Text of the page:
Leopold Zunz: Creativity in Adversity

Leopold Zunz: Creativity in Adversity

Leopold Zunz: Creativity in Adversity

Leopold Zunz: Creativity in Adversity


In 1818, with a single essay of vast scope and stunning detail, Leopold Zunz launched the turn to history in modern Judaism. Despite unending setbacks, he persevered for more than five decades to produce a body of enduring scholarship that would inspire young Jews streaming into German universities and alter forever the understanding of Judaism. By the time of his death in 1886, his vision and labor had given rise to a historical discourse and intellectual movement that devolved into vibrant sub-fields as it expanded to other geographic centers of Jewish life.

Yet Zunz was a part-time scholar, at best, in search of employment that would leave him time to study. In addition to his pioneering scholarship, he was as deeply engaged in ending the political tutelage of German Christians as the civil disabilities of German Jews. And to his credit, these commitments did not come at the expense of his loyalty to the Jewish community, which he was ever ready to serve.

Zunz once quipped that "those who have read my books are far from knowing me." To complement his books, Zunz left behind a treasure trove of notes, letters and papers, documents that the distinguished scholar of German Jewish culture, Ismar Schorsch, has zealously utilized to write this, the first full-fledged biography of a remarkable man.


In 1818 in a booklet of some fifty pages, Leopold Zunz announced his discovery of an unknown and uninhabited continent which modern Jews were soon destined to apprehend. a few hardy contemporaries in other sectors of Europe had already caught sight of a crag or shoreline of that continent, but Zunz was surely the first to see and sense the full expanse of its vast and variegated contours. and like other great explorers, Zunz would return time and again to map its terrain and unearth its treasures. No less astonishing, Zunz sailed without benefit of a fleet or a well-funded expedition. His single-handed effort and radical achievement, which would henceforth make history the homeland of Jewish self-perception and public discourse, welled up from an acute sense of historical consciousness, an almost fanatical commitment to get the facts straight, and an extraordinary medley of talents and tools. Spanning nearly a century of bitter turmoil, Zunz’s life of triumph and suffering, passion and pathos, scholarly seclusion and political activism has long deserved a biography in the round.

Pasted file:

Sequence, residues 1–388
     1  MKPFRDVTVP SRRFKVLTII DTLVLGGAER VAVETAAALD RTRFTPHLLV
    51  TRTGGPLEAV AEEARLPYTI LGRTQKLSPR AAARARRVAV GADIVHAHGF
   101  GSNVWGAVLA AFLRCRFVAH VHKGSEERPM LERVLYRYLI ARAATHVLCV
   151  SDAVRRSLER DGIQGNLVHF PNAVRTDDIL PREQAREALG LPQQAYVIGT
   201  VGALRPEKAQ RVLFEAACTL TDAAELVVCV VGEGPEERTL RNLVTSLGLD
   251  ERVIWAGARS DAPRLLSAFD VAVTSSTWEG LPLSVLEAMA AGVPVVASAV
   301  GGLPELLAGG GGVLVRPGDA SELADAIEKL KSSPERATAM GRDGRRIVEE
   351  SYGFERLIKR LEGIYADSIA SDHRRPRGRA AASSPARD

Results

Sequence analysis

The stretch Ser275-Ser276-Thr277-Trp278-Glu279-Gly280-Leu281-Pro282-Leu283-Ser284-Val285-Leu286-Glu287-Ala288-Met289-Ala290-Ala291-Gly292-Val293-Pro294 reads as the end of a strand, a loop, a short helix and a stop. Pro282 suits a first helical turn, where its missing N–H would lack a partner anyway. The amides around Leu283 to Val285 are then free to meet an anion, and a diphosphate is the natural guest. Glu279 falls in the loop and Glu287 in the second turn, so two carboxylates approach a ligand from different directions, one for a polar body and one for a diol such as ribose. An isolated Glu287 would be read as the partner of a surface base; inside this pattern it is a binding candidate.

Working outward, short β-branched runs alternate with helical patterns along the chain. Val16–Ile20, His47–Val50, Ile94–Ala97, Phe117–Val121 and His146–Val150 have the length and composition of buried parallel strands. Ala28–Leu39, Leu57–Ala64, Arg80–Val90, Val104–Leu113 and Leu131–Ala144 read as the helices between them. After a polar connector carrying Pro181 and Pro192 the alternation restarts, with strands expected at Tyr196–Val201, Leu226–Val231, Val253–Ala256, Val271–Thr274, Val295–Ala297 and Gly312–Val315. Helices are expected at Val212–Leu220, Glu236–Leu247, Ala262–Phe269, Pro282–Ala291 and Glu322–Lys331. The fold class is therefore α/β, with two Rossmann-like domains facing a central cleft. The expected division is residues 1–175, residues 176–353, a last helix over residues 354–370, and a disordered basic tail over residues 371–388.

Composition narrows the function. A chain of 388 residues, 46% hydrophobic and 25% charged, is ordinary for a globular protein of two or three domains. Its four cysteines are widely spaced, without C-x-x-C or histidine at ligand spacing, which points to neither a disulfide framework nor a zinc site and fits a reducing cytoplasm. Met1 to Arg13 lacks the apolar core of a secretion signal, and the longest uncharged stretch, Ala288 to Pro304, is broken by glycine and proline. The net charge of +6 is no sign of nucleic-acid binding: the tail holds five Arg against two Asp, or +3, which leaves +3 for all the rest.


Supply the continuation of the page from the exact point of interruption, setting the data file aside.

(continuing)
Without the remarkable survival of Zunz’s papers, however, that desideratum would be beyond our reach. Zunz threw out practically nothing that bore his name or handwriting or in which he may have been involved. Though often brief and intermittent, his diary is extensive for some of his seminal decades, and his continental network of correspondents yields a trove of letters and often a précis of Zunz’s response that constitutes, as Zunz well knew, a skeleton history of the movement he inspired. At his death in 1886, his papers were transferred to the Zunz Foundation (Stiftung) in Berlin, which had been created in 1864 on the occasion of Zunz’s seventieth birthday to provide him and his soul mate, Adelheid, with a modest pension for their twilight years.

One of the earliest scholars to avail himself of that precious repository was Solomon Schechter, who at the invitation of Claude G. Montefiore had left Germany for England in 1882 and five years later published the first . . .

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